Surrogates (PG-13) (Wed-Thurs) 1:25, 3:40, 6:05, 8:15 p.m. (Fri-Thurs) 1:25, 3:45, 6:05, 8:25 p.m. Harry Potter 6 (Fri 10/9-Thurs 10/15) 1:00, 4:15 p.m. I Hope They Serve Beer (Fri 10/9Thurs 10/15) 1:05, 3:35, 6:15, 8:45 p.m. O’Fallon 15 Cinema O’Fallon Movie Listings for 10/09 to 10/15 The following movies are playing at the St. Clair Cinema. Call 1-800FANDANGO Code 2404 for showtimes or visit on the Web at www. wehrenberg.com. Whip It (PG-13) 1:00, 3:40, 6:20, 9:00, 11:40* p.m. (*No 11:40 p.m. showing Sun-Thurs) Cloudy with a Chance of Meatballs (PG) 12:20, 2:40, 5:10, 7:40, 10:05 p.m. Cloudy with a Chance of Meatballs 3D (PG) 12:20, 2:45, 5:05, 7:40, 10:05 p.m. Couples Retreat (PG-13) 11:05 a.m., 1:50, 4:35, 7:25*, 10:15 p.m. (*No 7:25 p.m. showing on Wed 10/14) Couples Retreat (PG-13) Fri-Sat: 12:05, 2:50, 5:35, 8:25, 11:15 p.m. Sun-

Wed: 12:05,2:50, 5:35, 8:25 p.m. Thurs 10/15 12:05, 2:50 p.m. Informant (R) 11:15 a.m., 1:55, 4:30, 7:15, 9:55 p.m. Jennifer’s Body (R) Fri-Sat: 9:00, 11:30* p.m. Sun-Thurs: 9:00 p.m. Love Happens (PG-13) 11:30 a.m., 2:20, 5:00, 7:45, 10:25 p.m. Tyler Perry’s I Can Do Bad (PG13) 11:50, 2:35, 5:15, 8:00, 10:40 p.m. Fame (PG) 11:00 a.m., 1:35, 4:20, 7:00, 9:40 p.m. Surrogates (PG-13) 11:35 a.m., 2:10, 4:50, 7:30, 10:10 p.m. Capitalism Love Story (R) 10:45* a.m., 1:45, 4:40, 7:35, 10:35 p.m. (*10:45 a.m. showing Fri through Sun only) Invention of Lying (PG-13) 11:45* a.m., 2:15, 4:45, 7:20, 9:50 p.m. (*No 11:45 a.m. showing on Sat only) Toy Story 1 & 2 3-D (G) Fri-Sun: 10:30 a.m., 2:25, 6:25, 10:20 p.m.; Mon-Thurs: 11:40 a.m., 3:35, 7:30 p.m. Zombieland (R) Daily: 1:15, 3:30, 5:50, 8:15, 10:30 p.m. Fri and Sat only: 12:25, 2:40, 4:55, 7:10, 9:25, 11:45 p.m.; Sun-Thurs only: 12:25, 2:40, 4:55, 7:10, 9:25 p.m.

Lewis Black-Stark Raving Black (NR) Wed 10/8 ONLY-7:30 p.m. Showplace 12 Edwardsville Call 800-FANDANGO or visit www.kerasotes.com. Listings for 10/9 through 10/15 SPECIAL: Met Opera: Tosca, Live, Saturday, Oct. 10 at noon Fame (PG) 2:10*, 4:50, 7:40, 10:10 p.m. (*No show for Sat. 10/10) 3-D Toy Story/Toy Story 2 Double Feature (G) Daily 12:00, 3:45, 7:30 (additional $2.50 charge applies to this 3-D show) Cloudy with a Chance of Meatballs (PG) 12:10, 2:20, 4:40, 7:00, 9:20 p.m. Zombieland (R) 12:20, 1:45, 2:30, 4:00, 5:00, 6:20, 7:20, 8:50, 9:50 p.m. Whip It (PG-13) 12:40, 3:20, 6:30, 9:30 p.m. The Invention of Lying (PG-13) 1:00, 4:30, 7:50, 10:15 p.m. Couples Retreat (PG-13) 12:30, 1:30, 3:10, 4:10, 6:10, 7:10, 9:10, 10:00 p.m.

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Eastgate East Alton Listings for 10/9 through 10/15 Call 800-FANDANGO or visit www.kerasotes.com. 9 (PG-13) Daily: 4:15, 6:45; Fri-Sat: 9:15; Sat-Mon: 1:45 p.m. Zombieland (R) Daily: 4:30, 7:00 Fri-Sat: 9:25; Sat-Sun: 2:00 p.m. Gamer (R) Daily: 4:45, 7:15 Fri-Sat: 9:45; Sat-Sun: 2:15 p.m. Couples Retreat (PG-13) Daily: 3:45, 6:30 Fri-Sat: 9:05; Sat-Sun: 1:10 p.m. Cloudy w/Chance of Meatballs (PG) Daily: 4:00, 6:15 Fri-Sat: 8:45; Sat-Sun: 1:30 p.m. Surrogates (PG-13)) Daily: 5:00, 7:25; Fri-Sat: 9:35; Sat-Sun: 2:30 p.m.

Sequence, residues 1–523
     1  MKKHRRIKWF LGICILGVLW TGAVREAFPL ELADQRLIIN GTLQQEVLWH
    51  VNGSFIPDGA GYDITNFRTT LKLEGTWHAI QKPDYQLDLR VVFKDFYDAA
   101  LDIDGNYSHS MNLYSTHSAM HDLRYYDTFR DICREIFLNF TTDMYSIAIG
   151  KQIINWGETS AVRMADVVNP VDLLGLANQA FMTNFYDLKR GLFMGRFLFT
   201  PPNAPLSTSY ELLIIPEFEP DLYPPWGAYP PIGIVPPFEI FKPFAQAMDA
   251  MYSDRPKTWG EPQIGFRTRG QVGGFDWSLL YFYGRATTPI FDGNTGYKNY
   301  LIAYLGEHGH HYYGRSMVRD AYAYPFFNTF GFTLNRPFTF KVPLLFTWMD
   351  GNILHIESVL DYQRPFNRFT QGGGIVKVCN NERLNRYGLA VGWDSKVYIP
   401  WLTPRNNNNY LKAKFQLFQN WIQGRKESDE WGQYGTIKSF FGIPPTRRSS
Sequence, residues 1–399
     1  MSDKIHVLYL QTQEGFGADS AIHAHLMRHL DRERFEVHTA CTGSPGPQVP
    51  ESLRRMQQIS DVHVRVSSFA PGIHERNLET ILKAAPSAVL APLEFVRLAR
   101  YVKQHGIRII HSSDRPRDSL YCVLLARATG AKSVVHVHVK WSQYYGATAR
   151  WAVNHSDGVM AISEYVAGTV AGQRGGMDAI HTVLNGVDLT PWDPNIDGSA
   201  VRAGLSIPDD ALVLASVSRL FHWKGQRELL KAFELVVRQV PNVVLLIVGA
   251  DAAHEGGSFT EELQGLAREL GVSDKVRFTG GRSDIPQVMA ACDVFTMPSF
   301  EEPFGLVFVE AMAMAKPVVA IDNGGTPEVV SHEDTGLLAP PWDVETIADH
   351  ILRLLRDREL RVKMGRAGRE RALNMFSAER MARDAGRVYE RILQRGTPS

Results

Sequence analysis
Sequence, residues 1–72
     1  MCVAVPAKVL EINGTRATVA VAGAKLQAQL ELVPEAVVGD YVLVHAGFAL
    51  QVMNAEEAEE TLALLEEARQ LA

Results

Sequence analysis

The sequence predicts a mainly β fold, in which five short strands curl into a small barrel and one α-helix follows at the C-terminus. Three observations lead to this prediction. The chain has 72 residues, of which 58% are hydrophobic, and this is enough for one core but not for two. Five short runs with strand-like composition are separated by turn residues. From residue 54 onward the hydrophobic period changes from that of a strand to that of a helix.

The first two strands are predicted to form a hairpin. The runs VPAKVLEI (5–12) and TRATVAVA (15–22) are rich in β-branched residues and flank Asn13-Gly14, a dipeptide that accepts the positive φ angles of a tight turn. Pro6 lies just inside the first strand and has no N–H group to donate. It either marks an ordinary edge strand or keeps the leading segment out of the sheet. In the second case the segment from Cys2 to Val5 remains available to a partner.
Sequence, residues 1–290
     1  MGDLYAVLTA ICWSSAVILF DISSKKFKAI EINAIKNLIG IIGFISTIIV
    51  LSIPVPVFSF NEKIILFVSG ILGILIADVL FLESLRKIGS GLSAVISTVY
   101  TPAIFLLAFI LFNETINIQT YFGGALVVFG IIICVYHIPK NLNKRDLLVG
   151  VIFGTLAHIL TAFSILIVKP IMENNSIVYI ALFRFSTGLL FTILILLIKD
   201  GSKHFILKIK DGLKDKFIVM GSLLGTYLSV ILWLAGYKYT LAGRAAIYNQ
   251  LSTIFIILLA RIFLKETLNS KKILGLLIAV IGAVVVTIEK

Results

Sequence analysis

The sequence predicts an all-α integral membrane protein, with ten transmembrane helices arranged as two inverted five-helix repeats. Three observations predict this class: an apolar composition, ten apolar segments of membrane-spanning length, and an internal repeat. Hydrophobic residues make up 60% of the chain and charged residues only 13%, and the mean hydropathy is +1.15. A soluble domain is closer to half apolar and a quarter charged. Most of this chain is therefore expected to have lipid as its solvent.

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Surrogates (PG-13) 2:00, 4:20, 6:40, 9:00 p.m. The Informant! (R) 12:30, 3:30, 6:05, 8:40 p.m. First Tuesday matinee of each title is Matinee Movie Magic for Moms and Dads (baby friendly environment)

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Family

Fencing Academy opens for students in the St. Louis area By DEBBIE SETTLE Of The Edge What kid hasn’t dreamed of having a sword fight with his or her greatest nemesis? Kids turn almost any inanimate object that resembles a sword into a swashbuckling weapon. They take their stance and have an imaginary battle where at times they revel in victory or they writhe on the ground for a 20 minute slow and torturous death. Now you have a place to give your child, or even an adult, the opportunity to make those dreams a reality by learning to fence. Olympia Fencing Academy is the St. Louis area’s first dedicated training facility. Not only do their members include nationally ranked fencers who regularly compete around the country, they also have dozens of recreational fencers of all ages and skill levels who simply enjoy the

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s t r a t e g y, athleticism and camaraderie of the sport . Located in the central corridor of St. Louis county, at 8664 Olive Blvd., Olympia Fencing Academy’s main training facility features over 6,500 square feet of training space with state-of-theart equipment and a large viewing area for spectators. Olympia is owned by Paula Reed, who serves as the Vice Chair of the St. Louis Division of the United States Fencing Association. Paula also sits on the National USFA Board. Mary Bartling, who also sits on the St. Louis division board, is in charge of operations. R e b e c c a S c h n e i d e r, w h o i s dedicated to developing a strong youth program, heads the coaching staff. Before Schneider came to Olympia, she founded and was head coach of The Point Fencing Club in Champaign. For ten years prior to that, she ran the University of Illinois’ Fencing Club. Sean Horan is a highly trained epee and sabre coach, having trained under Master coaches at Golden Gate Fencing Club and First Place Fencing Club, both located in northern California. T h e s e coaches can take your fencing as far as you want it to go, whether that means participation i n a n enjoyable form of exercise or competing at the national level.